When Emma McCaskill took over the pans at Sparkke at the Whitmore last year, it was a remarkable leap for the chef, whose CV up until that point was dotted with time in fine-dining kitchens.

Her 18-year career includes stints at Tetsuya’s (Sydney), Ezard (Melbourne) and Sat Bains (Nottingham, England) before coming home to front Magill Estate Restaurant and later The Pot (now Nido). She was the first non-Japanese chef to work at Narisawa in Tokyo, a two-Michelin-starred restaurant and number 22 on the 2019 World’s 50 Best Restaurants list.

Now, we’re sitting in Sparkke, the CBD brewpub where she presides over a wholly more approachable menu than the likes she trained for. Not even McCaskill could have anticipated it. When co-owner Rose Kentish first offered her the role, she turned it down. “I was concerned that by transitioning into a brewpub I’d be taking a step back in my career,” she tells Broadsheet.

After leaving The Pot, McCaskill took a temporary role at Botanic Gardens Restaurant. But she stayed in touch with Kentish. “I was constantly visiting so I saw the progress … and I thought, ‘This isn’t a pub, this is special’,” she says. “The opportunity came up again to take over the food role here, and I said yes … I thought, ‘I really want to commit to changing the stigma around pub food’.”

The menu slowly began to shift, eventually splitting in two, with one catering to the 60-seat restaurant and one to the wider pub crowd. It allowed the restaurant, and McCaskill’s finely tuned expertise, to stand separate from her more approachable pub menu.

With the evolution comes a rebrand for the restaurant, now called Fare, which officially launches on Sunday March 8, International Women’s Day (and the venue’s first birthday). “It’s such a different space compared to the rest of the pub now,” says McCaskill. “It has its own community of guests who are very different to the rest of the pub … we felt it deserved its own name.”

Fare merges Indian flavours – inspired by McCaskill’s Anglo-Indian heritage – with techniques she acquired in high-end kitchens in Japan, the UK and Australia. There’s pani puri, a crisp, crepe-like hollow sphere filled with whipped tofu and served with heirloom tomatoes and black garlic; the chef’s signature grilled roti and dal butter; her aunt’s potato salad; and handmade potato and mustard-seed samosas with coriander chutney.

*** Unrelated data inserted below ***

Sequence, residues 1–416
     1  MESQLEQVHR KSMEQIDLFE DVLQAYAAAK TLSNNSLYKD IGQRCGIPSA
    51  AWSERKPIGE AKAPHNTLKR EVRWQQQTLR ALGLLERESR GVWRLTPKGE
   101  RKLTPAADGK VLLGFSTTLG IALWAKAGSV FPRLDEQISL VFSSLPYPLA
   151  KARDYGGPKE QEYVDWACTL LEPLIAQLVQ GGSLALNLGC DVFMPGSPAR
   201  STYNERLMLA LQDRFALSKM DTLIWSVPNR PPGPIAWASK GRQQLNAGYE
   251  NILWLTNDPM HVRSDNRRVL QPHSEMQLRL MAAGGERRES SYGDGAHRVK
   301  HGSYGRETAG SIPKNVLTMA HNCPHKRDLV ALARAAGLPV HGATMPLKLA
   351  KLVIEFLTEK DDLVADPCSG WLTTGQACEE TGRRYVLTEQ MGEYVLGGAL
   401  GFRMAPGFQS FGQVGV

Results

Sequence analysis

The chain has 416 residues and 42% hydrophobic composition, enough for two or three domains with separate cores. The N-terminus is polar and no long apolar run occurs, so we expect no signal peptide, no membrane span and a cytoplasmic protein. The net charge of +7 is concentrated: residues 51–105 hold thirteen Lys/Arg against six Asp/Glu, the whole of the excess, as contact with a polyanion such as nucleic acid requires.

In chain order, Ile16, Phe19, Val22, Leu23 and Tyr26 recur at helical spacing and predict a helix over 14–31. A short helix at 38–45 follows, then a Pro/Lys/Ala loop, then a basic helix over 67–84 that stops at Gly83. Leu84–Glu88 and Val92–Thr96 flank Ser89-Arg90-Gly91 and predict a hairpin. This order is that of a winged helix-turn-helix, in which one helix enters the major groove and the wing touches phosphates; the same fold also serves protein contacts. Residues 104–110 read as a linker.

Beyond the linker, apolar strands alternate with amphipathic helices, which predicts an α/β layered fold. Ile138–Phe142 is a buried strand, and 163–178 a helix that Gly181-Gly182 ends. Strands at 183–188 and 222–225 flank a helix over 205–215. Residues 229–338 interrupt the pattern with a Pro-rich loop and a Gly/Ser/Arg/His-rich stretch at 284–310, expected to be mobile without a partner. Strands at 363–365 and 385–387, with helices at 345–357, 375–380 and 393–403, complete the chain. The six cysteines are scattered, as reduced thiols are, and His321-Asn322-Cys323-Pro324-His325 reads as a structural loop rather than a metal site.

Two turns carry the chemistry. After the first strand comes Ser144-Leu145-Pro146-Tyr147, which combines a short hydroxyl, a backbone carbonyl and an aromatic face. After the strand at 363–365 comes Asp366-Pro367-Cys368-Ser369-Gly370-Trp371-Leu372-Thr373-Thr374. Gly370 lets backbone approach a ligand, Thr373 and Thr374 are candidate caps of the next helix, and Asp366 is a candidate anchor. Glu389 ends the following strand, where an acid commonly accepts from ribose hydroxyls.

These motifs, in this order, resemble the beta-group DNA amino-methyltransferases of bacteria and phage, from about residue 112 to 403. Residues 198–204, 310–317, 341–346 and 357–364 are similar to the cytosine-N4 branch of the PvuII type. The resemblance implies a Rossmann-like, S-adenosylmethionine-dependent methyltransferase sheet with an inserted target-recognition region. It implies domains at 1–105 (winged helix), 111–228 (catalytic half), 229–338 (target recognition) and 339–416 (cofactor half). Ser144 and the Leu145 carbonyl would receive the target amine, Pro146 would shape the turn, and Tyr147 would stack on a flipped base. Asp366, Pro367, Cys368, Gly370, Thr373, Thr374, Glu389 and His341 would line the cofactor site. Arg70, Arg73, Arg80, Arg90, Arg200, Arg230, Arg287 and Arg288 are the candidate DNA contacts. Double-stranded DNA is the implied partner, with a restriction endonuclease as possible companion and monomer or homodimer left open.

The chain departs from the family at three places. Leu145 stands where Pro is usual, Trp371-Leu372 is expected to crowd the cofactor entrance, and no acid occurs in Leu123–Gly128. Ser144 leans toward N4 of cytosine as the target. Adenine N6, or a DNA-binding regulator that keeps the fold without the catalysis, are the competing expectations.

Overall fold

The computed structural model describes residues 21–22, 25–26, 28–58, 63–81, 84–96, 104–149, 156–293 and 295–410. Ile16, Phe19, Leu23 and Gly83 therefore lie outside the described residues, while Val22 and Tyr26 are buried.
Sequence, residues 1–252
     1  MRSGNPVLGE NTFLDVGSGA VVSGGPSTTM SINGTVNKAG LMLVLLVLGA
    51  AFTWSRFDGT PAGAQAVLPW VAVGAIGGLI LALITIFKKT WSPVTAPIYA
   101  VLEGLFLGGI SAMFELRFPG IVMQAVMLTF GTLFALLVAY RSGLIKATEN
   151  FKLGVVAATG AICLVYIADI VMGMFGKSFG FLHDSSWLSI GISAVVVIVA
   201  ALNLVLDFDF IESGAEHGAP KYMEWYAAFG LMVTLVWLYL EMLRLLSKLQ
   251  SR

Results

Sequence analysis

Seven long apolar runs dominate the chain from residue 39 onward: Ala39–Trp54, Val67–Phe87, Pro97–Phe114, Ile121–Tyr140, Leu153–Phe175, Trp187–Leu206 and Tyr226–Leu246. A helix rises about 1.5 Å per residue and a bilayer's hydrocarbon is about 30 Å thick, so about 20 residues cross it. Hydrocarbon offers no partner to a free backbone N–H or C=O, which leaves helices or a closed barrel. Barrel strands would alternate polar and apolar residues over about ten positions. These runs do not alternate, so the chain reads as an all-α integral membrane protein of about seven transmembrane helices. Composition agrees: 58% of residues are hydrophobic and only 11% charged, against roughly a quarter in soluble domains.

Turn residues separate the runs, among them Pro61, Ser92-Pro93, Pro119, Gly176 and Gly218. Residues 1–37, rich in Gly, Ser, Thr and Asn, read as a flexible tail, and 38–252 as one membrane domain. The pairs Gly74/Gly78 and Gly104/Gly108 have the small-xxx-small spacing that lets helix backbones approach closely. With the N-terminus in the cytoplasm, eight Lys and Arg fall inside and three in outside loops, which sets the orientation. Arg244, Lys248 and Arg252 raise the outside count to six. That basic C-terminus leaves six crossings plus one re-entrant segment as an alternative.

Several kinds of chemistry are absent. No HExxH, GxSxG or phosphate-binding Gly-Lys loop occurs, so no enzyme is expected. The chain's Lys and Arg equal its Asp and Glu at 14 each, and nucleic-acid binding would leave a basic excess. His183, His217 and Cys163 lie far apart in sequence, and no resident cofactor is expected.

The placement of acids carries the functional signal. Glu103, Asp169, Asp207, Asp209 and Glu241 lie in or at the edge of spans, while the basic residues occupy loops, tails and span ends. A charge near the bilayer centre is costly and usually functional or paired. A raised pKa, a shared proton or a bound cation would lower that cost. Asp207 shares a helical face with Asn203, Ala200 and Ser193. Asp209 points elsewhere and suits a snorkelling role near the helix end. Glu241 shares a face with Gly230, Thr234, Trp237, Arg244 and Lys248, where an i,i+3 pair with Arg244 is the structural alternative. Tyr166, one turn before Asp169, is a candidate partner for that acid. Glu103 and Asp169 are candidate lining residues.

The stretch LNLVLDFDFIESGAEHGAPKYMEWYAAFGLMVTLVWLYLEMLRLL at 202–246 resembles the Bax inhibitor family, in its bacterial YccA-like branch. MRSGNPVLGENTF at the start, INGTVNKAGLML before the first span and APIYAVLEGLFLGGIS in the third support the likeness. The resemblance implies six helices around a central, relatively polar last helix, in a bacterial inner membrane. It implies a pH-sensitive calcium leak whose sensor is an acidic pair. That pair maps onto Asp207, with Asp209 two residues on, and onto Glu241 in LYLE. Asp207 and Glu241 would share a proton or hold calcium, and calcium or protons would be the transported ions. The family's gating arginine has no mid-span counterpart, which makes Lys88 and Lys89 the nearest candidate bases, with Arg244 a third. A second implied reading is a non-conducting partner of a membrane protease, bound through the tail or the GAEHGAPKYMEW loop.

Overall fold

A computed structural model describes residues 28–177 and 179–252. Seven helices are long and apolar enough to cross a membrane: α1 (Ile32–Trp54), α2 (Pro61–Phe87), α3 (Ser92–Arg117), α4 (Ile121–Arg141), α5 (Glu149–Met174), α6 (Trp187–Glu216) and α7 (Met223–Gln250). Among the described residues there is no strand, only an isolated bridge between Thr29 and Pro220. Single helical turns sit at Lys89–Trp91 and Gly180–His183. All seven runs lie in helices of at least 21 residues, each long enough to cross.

“I’ve always done super fine dining [with] tweezers, pipettes, water bath, everything measured to the degree and gram. And I’ve never had a chance to cook, in a professional sense, [the food of] my heritage,” says McCaskill.

“My grandma looked after me when I was little … so we grew up with dal and rice. We’d have parathas and jam for breakfast … so this has more meaning for me because it’s nostalgic … it’s very familiar to me.”

Other dishes include crunchy, buttery baby turnips with miso and nori butter; sustainably farmed smoked Hiramasa kingfish from the Spencer Gulf with a turmeric and finger-lime dressing; and pork, ginger and Szechuan dumplings in a roast-chicken broth. Larger options include hibachi-grilled Coorong mullet with pickled kohlrabi, and crispy roasted (half) chicken with chargrilled corn, fermented chilli and lime.

The chook, which arrives whole from Nomad Farms, is broken down across four dishes – drunken chicken, chicken-liver parfait, the roast and the broth – to ensure every bit is used. McCaskill says the separation between the pub and restaurant menus has “enabled us to start using ingredients in their entirety”. Another example? The Hiramasa kingfish, which is used for sashimi and its dressing (made by roasting the bones in a stock) in the restaurant. The wings and remaining flesh then becomes a rillette, which appears on the pub menu.

McCaskill’s dedication to sustainability extends beyond the menu. She’s just launched a new program – The Kitchen Sisters – designed to mentor women, who are vastly underrepresented in an industry dominated by men. As part of the program, young female chefs will have the opportunity to work in different kitchens around the country for one week as part of a kitchen exchange. The first swap is between Fare and Alana Sapwell’s Arc Dining in Brisbane.

Fare and The Kitchen Sisters program will officially launch on March 8 with a six-course lunch. McCaskill will be joined by retired legendary Adelaide chef Cath Kerry; winemaker and Sparkke co-founder Rose Kentish; and wine guru Liinaa Berry. Tickets are $95.